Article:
The insurer-physician relationship: Improved, but still imperfect

Relations are not so tense these days between health insurers and physicians, but several issues still divide them, according to Managed Care magazine.

While tensions have de-escalated over the past decade as physicians have adjusted to a managed care environment, it's still not a perfect marriage. Ron Brooks, M.D., a senior network medical director at Independence Blue Cross in Philadelphia, told the magazine part of the change is that the physicians who began practicing in the last decade grew up with managed care as patients.

"They embrace the concept of doing the right thing at the right time at the right place," Brooks told the magazine. Independence Blue Cross also bases its coverage policies on evidence-based guidelines, which are accessible to physicians on online.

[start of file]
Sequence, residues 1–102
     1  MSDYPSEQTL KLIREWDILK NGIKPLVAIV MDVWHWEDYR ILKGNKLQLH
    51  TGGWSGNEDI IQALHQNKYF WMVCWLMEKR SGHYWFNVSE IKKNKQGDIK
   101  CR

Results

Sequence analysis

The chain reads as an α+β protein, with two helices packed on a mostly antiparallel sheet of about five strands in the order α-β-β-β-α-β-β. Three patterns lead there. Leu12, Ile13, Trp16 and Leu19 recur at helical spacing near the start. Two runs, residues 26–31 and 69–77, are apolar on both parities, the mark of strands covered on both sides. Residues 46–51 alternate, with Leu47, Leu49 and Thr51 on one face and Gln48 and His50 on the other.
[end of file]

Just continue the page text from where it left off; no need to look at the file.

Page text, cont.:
Another shift is that more physicians are employees of hospital groups and large physician practices, allowing them to participate in a financial arrangement that rewards quality and cost-effectiveness, according to Brooks.

Yet while the physician-payer relationship is more collegial, there are still tension points, said Robert L. Wergin, M.D., a family physician who runs his own practice in the small town of Milford, Nebraska, and is board chair of the American Academy of Family Physicians. Smaller practices still want to see less meddling by insurance companies, says Wergin, who argues that doctors who know their patients can still make the best decisions about the care they need.

Worries over the impact of the Affordable Care Act seem to encourage a better relationship, according to Managed Care magazine, although that isn't the view everywhere. There's still a lot of distrust by physicians when it comes to payers, and the ACA and proposed insurance company mergers continue to impact that relationship, as FierceHealthPayer previously reported. In fact, the American Medical Association has asked federal regulators to block two major insurer mergers--that of Aetna and Humana and Anthem with Cigna--and the American Hospital Association also opposes the consolidation.

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